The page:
I decided to do a little unpacking of Richmond’s game plan, based on my own observations and a teensy bit of data.
Grant Thomas seems to have echoed a general consensus in his comment that the Richmond team was an ‘unskilled’ one and that the win, like last year’s Bulldog victory, showed that ‘intensity’, ‘hardwork’ and all those good football cliches can turn pretenders into contenders. I’m very skeptical of such thinking. The idea that one team is more motivated or harder working than others might hold weight for a random H&A encounter (sometimes teams just don’t seem to ‘turn up’), but I can’t accept there’d be a noticeable difference on this score across three finals encounters.
So what is the Tigers game plan? It’s my observation that over the last 10 years football has become about the press, both setting one up effectively and breaking through the opposition (Clarkson’s 2008 “cluster” was the first time I really began to notice this live, though no doubt the trend was well on the way from various teams). The Tigers, like the Bulldogs, give their press extra teeth by running a smaller, makeshift forward line that allows them additional midfield rotations (the Bulldogs in particular valued this) and greater pressure on the opposition HBFers, thus stopping a crucial source of counter-play and reducing the oppositions ability to ‘beat the press’. This game plan can be broadly categorised as “defensive”. According to TheSquiggle they are the 3rd weakest offensive team to have won a premiership in the AFL era (ahead of the the WB 2016 and Swans 2005), but are the 2nd best defensive unit to have won a flag (narrowly edging the 2012 Swans but behind their 2005 model). So what does this look like statistically? I had a look at their three finals games.
I expected to see that they dominated three key areas - Clearances, Contested Possessions, Tackles and i50s. I expected a deficiency in Uncontested Possessions. That’s simply what it looked like to me, watching these games live (I haven’t re-watched them, life’s too short).
The first thing that jumps out is the GWS game. They lost basically every statistic. Leon Cameron copped some flack for his coaching but I strongly suspect it was injuries (Cameron out, Lobb forced to ruck) and poor selection (Stevie J was cooked) that reduced their forward line to a shambles, they managed only 67 points from 59 I50s.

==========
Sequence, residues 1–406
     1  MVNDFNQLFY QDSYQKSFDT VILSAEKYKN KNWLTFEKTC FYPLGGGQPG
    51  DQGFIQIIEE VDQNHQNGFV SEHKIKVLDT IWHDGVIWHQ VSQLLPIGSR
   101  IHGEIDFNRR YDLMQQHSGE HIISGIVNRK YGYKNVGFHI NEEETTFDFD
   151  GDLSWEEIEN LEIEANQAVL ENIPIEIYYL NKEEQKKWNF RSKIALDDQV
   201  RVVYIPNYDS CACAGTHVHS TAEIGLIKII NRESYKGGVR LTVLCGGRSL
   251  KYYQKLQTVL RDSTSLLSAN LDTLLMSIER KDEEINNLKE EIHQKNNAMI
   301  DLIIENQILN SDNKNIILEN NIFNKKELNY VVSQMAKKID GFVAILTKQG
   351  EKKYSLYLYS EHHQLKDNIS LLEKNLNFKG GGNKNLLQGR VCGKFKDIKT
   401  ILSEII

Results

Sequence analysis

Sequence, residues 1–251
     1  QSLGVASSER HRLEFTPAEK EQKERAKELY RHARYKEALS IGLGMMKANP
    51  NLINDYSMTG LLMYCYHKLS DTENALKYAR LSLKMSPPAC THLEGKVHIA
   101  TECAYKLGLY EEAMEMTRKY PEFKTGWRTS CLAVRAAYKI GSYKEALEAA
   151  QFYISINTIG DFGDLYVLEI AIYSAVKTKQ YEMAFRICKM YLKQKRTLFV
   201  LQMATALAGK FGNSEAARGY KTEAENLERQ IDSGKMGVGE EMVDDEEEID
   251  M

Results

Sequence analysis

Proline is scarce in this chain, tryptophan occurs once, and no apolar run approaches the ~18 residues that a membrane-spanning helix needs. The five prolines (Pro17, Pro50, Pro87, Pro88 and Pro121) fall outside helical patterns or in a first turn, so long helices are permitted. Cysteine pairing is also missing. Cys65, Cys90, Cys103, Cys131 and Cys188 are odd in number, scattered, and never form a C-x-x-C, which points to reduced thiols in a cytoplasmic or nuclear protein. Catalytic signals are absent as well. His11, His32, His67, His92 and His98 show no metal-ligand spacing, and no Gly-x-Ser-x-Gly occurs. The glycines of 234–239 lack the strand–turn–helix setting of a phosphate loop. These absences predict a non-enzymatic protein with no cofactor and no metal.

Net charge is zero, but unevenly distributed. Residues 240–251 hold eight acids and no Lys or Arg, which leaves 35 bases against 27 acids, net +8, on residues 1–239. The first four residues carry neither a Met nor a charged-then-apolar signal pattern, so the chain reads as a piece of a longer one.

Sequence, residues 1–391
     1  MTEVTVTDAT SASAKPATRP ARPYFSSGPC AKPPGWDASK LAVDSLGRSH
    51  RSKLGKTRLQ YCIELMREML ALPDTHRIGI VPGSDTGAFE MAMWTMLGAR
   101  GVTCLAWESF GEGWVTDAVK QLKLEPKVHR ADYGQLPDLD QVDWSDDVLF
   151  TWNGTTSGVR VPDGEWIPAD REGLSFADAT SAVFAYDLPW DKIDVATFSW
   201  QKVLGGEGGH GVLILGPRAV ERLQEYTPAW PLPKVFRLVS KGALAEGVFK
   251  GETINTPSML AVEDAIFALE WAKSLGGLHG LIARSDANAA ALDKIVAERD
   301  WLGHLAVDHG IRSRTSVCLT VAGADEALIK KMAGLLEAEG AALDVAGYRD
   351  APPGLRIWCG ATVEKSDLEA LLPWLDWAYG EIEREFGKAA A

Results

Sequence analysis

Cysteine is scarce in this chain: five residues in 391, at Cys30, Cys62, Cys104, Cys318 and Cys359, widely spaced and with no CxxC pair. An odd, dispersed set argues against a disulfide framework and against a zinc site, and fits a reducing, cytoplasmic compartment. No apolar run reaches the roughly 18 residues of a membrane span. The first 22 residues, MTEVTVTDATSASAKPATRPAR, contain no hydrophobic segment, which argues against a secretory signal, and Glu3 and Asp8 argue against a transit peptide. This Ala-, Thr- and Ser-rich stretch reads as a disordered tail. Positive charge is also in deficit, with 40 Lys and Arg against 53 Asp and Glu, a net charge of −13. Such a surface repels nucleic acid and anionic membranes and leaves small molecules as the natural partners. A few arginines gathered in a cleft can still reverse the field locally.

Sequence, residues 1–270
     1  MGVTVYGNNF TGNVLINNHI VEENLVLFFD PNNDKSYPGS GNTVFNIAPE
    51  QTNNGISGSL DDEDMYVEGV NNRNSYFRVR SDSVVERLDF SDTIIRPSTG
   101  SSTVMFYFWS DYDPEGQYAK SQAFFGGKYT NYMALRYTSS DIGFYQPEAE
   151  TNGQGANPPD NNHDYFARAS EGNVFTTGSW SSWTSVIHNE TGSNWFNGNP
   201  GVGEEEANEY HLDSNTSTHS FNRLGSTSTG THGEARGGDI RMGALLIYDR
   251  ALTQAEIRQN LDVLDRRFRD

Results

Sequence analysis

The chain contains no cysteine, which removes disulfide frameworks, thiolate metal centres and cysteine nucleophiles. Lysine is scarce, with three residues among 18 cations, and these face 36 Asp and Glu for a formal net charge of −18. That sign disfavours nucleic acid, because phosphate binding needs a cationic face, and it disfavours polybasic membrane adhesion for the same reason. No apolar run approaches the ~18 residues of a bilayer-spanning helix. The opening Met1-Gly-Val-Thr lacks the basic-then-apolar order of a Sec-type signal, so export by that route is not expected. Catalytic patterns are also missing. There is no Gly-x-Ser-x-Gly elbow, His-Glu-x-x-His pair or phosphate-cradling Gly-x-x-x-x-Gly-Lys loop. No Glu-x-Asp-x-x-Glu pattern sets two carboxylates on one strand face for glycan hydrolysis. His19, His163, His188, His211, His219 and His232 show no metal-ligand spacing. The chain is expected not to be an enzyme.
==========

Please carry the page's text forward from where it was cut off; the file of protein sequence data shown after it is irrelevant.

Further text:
In the other two games we notice a few things, they had strong wins some areas across the Qualifying Final and Grand Final: Contested Possessions, +19 and +30, inside 50s +19 and +9, they also had far fewer Uncontested Possessions -28 and -47.
What is interesting is that they lost the tackle count in both (only just, -2 and -3), however they were able to force all three sides into significantly higher clanger counts (Geelong +8, GWS +14, Adelaide +8). This, perhaps, is the mark of an effective press. It’s not the tackles themselves (takes more than just hard work!) but the combination of tackling pressure and effective up the ground set ups.
I decided to compare it to the Bulldogs run last year. The Bulldogs lost the tackle count every game (by an incredible 43!! to the Hawks), but had fewer clangers in every single game (they also had 12 more free kicks than the Swans, jeezus can you imagine Blitz if that happened to us). Interestingly they had higher Uncontested Possession counts than Richmond, indicating they moved the ball less directly than the Tigers.
Now, the obvious question is simply perhaps “don’t good teams just make fewer mistakes?” so I unpacked that a little further. I decided to look at Geelong in 2011 as an example of a wonderful attacking team, they racked up more clangers than their opponents in 2 finals (1 tied) but also dominated the I50 count, indicating a more ‘high risk’ game plan. I also looked at Essendon 2000 (because, hey, why not!) and we had a higher clanger count in 2 of the 3 finals (12 more vs North, lol).
Now obviously, these are majorly small sample sizes but I do think it’s interesting that two very defensive teams have won back to back flags, when the historical trend has been that offense generally carries the day (as DJR would say, LOL Ross Lyon).
All data taken from afltables.com - as the samples were quite small I didn’t bother compiling it in a very thorough fashion, it’s easy enough for people to look up on their own.